Back. To. School.

Grad school beginneth. I’ve made kind of a big deal about this beginning. Maybe I’m hoping more people will think I’m cool if they find out I’m taking a super cool class about the sociological aspects of music ed and then its history. Or I’m making excuses. Or I’m not sure how to talk about it as being an actual priority in my life because the people in and around me don’t necessarily know its my current endeavor.

The first assignment (barring the biographical survey and picture assignment that I knocked out right away) is a 2-3 page paper in appropriate language for the school board rationalizing a music program in “our community”. Being that it’s the first assignment, I’ve made it a mountain rather than what it actually is…pretty small and creative for a grad-level class.

Here’s the rub (is that a good use of that expression? I don’t use it because I’m never sure, but now that I’ve asked you, the responsibility to reteach me falls on you, as my conscientious reader): I’m not sure how to exclude things that are important to me. I’m also not sure what of my core beliefs about what I do would be appropriate for a school board that’s looking at the money and statistics of test data to make a school district better.

So here’s a warm up. Things that might not make it to the school board (hypothetical)…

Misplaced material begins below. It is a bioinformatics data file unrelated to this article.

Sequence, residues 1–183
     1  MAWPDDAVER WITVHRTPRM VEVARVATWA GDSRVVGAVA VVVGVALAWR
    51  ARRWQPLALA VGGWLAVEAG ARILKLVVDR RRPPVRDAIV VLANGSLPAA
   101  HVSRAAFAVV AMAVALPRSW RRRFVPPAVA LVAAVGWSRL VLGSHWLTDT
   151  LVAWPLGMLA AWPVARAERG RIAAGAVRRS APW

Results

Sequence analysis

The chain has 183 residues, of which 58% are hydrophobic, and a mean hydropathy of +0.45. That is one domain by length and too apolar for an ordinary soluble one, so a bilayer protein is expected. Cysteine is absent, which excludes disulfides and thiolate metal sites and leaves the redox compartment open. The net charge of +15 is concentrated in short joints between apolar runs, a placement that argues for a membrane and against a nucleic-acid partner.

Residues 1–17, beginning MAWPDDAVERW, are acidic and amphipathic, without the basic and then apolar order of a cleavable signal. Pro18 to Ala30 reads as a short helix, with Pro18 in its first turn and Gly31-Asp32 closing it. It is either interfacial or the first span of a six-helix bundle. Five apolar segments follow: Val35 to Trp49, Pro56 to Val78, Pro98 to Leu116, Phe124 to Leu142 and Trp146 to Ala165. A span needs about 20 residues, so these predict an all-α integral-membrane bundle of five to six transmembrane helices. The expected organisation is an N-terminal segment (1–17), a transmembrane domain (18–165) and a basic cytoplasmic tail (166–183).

Music builds community in my classroom and our school. That community in turn extends to family members outside of our school. Sound like a reach? Gramma doesn’t agree with you because her little dumpling came home singing the song about the cat who ate the butter and then she had the same kiddo sing for her friend Nell who dropped by for tea and gossip. Ok, that was contrived, but seriously have had parents report that Grandma and Grandpa in a distant land (Arizona, for instance) really enjoyed that cowboy concert when they came to visit. Technically family fits into community…AND consider the community in my classroom. So much about making art and being expressive is vulnerable. The safety of the music room and the trust that is formed among that community (a class) is pretty key for students to tap in.

Music in schools gives kids ownership of music outside of school. Maybe the kid who starts the garage band would have started it even without some influence from school music, but when kids take games out to the playground or recognize a melody from a band piece they played in high school or cherish a memory formed around a contest they went to…that’s ownership. Remember when we _____. You get the idea. I see this more in the form of…”You’ll never believe what they played at the football game on TV…I heard the national anthem!” or “I sang that song for my little sister and taught her the dance.” That’s ownership. I nearly wrote that you don’t pass along something that you don’t value, but then I realized a lot of things get passed along that aren’t so valuable (I specifically thought of passing along duties or work that no one wants to do…but that’s where my mind went first. White elephant gift exchanges are notorious for this passing along of things you don’t want).